The scoop behind a blizzard, a mom and 'Ice Cream for Breakfast' day

Imagine being snowed in. For several days. With small children.

That was the case for Florence Rappaport of Rochester, NY, during the historic Blizzard of 1966.

Like many parents who’d find themselves in a similarly snowy situation, Mrs. Rappaport found creative ways to keep her family entertained.

One of which involved giving her children an unconventional breakfast during what became an unconventional storm.

A historic storm

"This blizzard in ‘66 was unusual," said Joe Rappaport, son of Florence Rappaport.

He and sister Ruth Rappaport-Kristal were only 7 and 6 years old, respectively, when the historic snowstorm hit their Rochester home.

"It was unbelievable," Rappaport-Kristal said.

"Between Jan. 31 and Feb. 1, 1966, a major nor'easter dumped heavy snow across much of the Northeast," said Brian Donegan, FOX Weather meteorologist.

"The storm was immediately followed by a blast of frigid arctic air, which caused lake-effect snow to develop in many of the Great Lakes snowbelts from Michigan and Ohio to northwestern Pennsylvania and upstate New York."


A footprint of the Blizzard of 1966. (Credit: NOAA)

Rappaport recalled the impact of the heavy snowfall in their town of Rochester.

"You really couldn't go outside, and when you did, the drifts were well above us," he said. "I think it really took the city out for several days."

So, what was a family to do during that time, all cooped up in their home?

One Rochester mother had a sweet idea.

Florence + the ice cream machine


Florence and husband Lester Rappaport, c. 1960s. (Credit: The Rappaport Family)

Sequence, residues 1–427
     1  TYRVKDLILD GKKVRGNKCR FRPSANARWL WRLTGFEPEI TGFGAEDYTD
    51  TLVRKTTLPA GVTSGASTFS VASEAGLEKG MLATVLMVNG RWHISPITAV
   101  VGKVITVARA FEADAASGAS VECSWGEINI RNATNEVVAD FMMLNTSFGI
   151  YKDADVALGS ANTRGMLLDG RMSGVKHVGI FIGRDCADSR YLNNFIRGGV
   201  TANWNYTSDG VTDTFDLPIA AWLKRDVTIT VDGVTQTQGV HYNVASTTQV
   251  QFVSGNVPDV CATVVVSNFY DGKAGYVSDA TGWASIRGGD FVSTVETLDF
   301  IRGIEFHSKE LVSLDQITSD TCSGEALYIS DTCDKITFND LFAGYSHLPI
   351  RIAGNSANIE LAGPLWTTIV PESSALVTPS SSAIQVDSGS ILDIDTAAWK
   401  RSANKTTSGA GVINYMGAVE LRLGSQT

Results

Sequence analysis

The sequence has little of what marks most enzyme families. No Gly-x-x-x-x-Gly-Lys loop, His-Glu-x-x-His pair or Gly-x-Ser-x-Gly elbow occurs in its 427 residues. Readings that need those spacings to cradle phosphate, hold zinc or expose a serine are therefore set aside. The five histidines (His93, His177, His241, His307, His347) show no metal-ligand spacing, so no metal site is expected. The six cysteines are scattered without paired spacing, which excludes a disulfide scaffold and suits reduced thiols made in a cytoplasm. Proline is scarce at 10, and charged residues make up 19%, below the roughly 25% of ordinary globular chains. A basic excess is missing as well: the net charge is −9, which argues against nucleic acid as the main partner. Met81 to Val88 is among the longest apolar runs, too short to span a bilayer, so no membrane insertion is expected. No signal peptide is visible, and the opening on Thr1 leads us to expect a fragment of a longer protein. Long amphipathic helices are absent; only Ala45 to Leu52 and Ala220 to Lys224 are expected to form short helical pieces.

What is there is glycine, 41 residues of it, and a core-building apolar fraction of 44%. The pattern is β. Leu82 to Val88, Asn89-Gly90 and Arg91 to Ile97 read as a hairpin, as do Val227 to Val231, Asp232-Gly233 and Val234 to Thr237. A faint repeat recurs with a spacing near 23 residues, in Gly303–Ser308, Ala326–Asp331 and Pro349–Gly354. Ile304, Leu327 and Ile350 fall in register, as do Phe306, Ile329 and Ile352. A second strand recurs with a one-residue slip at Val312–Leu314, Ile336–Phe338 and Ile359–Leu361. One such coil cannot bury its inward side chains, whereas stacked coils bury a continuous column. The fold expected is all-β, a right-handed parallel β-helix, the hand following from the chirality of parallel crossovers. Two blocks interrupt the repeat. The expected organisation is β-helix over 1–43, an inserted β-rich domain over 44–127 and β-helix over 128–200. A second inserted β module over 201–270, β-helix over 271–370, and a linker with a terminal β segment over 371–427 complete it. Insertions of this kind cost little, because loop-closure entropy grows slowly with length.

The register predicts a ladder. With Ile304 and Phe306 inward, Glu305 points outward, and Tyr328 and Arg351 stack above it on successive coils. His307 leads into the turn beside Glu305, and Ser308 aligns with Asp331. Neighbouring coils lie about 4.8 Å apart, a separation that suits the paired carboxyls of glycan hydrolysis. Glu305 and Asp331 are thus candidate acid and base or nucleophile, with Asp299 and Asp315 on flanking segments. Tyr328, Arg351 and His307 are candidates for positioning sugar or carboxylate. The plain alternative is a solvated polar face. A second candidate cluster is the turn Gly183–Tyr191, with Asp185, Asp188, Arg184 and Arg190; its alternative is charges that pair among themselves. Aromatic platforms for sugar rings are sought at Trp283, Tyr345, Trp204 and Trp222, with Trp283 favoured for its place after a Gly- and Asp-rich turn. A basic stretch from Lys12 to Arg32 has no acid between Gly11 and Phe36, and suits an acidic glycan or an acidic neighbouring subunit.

Florence Rappaport was a wife and a mother to six children.

"She was a lot of different things," Rappaport-Kristal said. "She went back to school while we were still young and got her degree in social work. She was always curious and loved history — but she was really just fun."

"She used to put on a roaring 20s record in the living room, and we would all dance with a vacuum cleaner," Rappaport-Kristal recalled.

When the Blizzard of 1966 kept the Rappaport family inside for several days in early February, Mrs. Rappaport channeled her fun-loving spirit by giving her children ice cream for breakfast.


Joe Rappaport and Ruth Rappaport-Kristal, c. 1963. (Credit: The Rappaport Family)

"This was a way of distracting us and amusing us -- and probably amusing herself, too, because she really liked ice cream," Rappaport said.

According to Rappaport, sweets such as ice cream and soda pop were rarely eaten in their household.

"So, getting a treat like ice cream on a cold day was really something for us," he added. "And that's why it became memorable."

For the Rappaport family, this novelty is part of the tradition's appeal.


Joe Rappaport in an ice cream cone costume during Ice Cream for Breakfast Day in February 2020. (Credit: The Rappaport Family)

"People generally think of ice cream as a summer treat. And so, we're doing the opposite – we celebrate Ice Cream for Breakfast Day in the winter," Rappaport-Kristal said.

"It's kind of an opposite holiday," Rappaport said. "Sometimes kids like to go to school in pajamas. There's a pajama day or a backwards day. It's kind of the same thing."

"The idea of eating ice cream in the morning is backwards. And then typically, we have it in February, which at least where we grew up and even here in New York City and around the country, it's a cold time," he said.